Health News of Sunday, 4 May 2008
Tamale, May 4, GNA - The University for Development Studies' (UDS) Medical School has a good foundation for academic progress to bolster healthcare delivery, particularly in northern Ghana, a UK-based medical consultant has noted.
Dr John Eugene Pollet, a distinguished medical expert currently visiting the Tamale Teaching Hospital, also called on the authorities to pay attention to the deplorable state of the Hospital, saying it is a crucial facility for medical students in their clinical studies. He was speaking at a farewell dinner organised in his honour in Tamale at the weekend by the Northern Ghana Aid (NOGAID), a non-governmental organisation after he undertook a 10-week working visit to the Tamale Teaching Hospital.
During the period, Dr Pollet interacted with the academic staff and students of the UDS medical school on areas of collaboration to improve academic work there.
He said Tamale had the potentials to become a healthcare delivery hub of the entire north if measures were put in place to improve existing facilities at the Teaching Hospital to support studies by the medical students. "I have visited many hospitals including those in Cairo and Malawi but what I have seen in Tamale is the prospects of progress, particularly for the UDS Medical School, if proper attention is given to the Teaching Hospital," he reiterated. Dr Pollet said there was a big gap between hospitals in the north and those of the South and called for an affirmative action to bridge it.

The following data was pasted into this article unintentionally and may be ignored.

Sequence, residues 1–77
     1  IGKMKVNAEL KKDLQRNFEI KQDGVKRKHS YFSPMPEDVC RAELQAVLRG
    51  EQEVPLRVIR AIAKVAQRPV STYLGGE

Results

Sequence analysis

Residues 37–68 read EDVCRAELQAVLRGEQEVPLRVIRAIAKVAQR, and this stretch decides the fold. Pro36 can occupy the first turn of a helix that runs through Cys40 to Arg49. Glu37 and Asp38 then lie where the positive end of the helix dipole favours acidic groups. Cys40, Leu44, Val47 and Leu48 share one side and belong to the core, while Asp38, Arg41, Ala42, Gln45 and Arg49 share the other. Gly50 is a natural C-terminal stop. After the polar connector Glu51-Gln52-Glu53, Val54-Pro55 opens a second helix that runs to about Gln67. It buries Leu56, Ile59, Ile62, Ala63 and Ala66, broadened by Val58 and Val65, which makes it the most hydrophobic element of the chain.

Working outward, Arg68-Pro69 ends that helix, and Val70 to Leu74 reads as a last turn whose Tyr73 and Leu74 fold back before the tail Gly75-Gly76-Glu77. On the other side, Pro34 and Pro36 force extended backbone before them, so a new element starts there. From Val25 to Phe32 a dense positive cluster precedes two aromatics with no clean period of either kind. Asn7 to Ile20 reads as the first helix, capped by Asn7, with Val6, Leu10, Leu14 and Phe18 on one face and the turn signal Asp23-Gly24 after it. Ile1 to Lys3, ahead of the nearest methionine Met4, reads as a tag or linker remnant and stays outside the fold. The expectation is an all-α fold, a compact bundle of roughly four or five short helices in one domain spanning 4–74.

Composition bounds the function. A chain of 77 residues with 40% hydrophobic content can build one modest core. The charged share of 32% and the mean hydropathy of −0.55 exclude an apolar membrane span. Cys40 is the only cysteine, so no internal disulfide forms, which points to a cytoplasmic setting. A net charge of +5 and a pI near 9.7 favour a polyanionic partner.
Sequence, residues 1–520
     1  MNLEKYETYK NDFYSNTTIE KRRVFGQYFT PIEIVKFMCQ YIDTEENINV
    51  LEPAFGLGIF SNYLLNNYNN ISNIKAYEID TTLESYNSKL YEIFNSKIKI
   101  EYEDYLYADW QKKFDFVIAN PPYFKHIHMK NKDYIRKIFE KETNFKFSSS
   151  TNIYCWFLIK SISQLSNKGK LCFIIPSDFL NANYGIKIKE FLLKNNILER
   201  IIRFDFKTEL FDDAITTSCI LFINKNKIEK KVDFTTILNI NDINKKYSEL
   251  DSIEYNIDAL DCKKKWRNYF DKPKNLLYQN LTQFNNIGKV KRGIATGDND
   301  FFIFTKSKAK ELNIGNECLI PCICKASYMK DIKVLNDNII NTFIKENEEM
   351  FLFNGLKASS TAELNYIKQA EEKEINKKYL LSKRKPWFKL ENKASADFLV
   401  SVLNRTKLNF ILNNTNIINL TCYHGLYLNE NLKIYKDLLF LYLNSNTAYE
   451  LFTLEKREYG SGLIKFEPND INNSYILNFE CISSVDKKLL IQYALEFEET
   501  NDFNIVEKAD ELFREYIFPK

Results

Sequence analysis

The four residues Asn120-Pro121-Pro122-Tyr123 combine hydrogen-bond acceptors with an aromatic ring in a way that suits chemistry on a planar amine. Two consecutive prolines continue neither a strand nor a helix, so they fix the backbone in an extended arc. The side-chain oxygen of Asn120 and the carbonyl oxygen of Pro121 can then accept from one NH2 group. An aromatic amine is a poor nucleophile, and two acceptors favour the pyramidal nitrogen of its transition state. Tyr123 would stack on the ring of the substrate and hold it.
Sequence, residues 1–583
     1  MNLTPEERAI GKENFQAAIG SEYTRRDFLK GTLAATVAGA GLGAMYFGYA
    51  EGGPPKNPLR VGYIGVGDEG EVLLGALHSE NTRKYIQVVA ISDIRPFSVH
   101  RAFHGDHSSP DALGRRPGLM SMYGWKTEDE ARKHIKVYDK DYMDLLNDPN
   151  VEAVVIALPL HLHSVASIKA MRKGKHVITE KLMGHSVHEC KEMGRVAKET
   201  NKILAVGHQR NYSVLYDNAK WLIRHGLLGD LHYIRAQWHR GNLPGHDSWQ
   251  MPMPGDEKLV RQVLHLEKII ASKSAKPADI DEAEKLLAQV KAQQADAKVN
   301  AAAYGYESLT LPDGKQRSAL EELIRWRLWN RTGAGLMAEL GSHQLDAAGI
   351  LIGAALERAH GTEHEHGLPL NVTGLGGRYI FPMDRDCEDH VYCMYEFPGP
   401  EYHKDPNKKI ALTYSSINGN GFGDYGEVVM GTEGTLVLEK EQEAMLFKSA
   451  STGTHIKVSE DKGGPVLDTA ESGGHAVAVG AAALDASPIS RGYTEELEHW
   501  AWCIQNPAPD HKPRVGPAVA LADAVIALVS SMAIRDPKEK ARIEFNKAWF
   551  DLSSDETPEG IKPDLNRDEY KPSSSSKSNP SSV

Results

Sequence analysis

Dr Ken Sagoe, Chief Executive Officer of the TTH said Dr Pollet's short stay with the hospital and the UDS Medical School had been beneficial in terms of imparting knowledge and appealed for the continuation of the partnership.
He enumerated problems facing the Hospital, which he said used to be the third best equipped health facility in the country in the 1970's after Korle-Bu and Komfo Anokye and expressed the hope that it could regain its lost glory if given the needed attention. Mr Mustapha Sanah, Executive Director of NOGAID, said his outfit would continue to facilitate a steady flow of visiting doctors from the UK and the United States to complement staffing in hospitals in the northern part of the country.
He said the endemic poverty in the north was also as a result of poor conditions of healthcare delivery and gave the assurance that NOGAID would continue to work with its partners to fight hunger, disease and illiteracy in the area. Dr Pollet is the twelfth visiting medical professional sponsored to the region by NOGAID in 2008 under a collaborative partnership with Doctors World Wide (DWW), a UK-based international charity.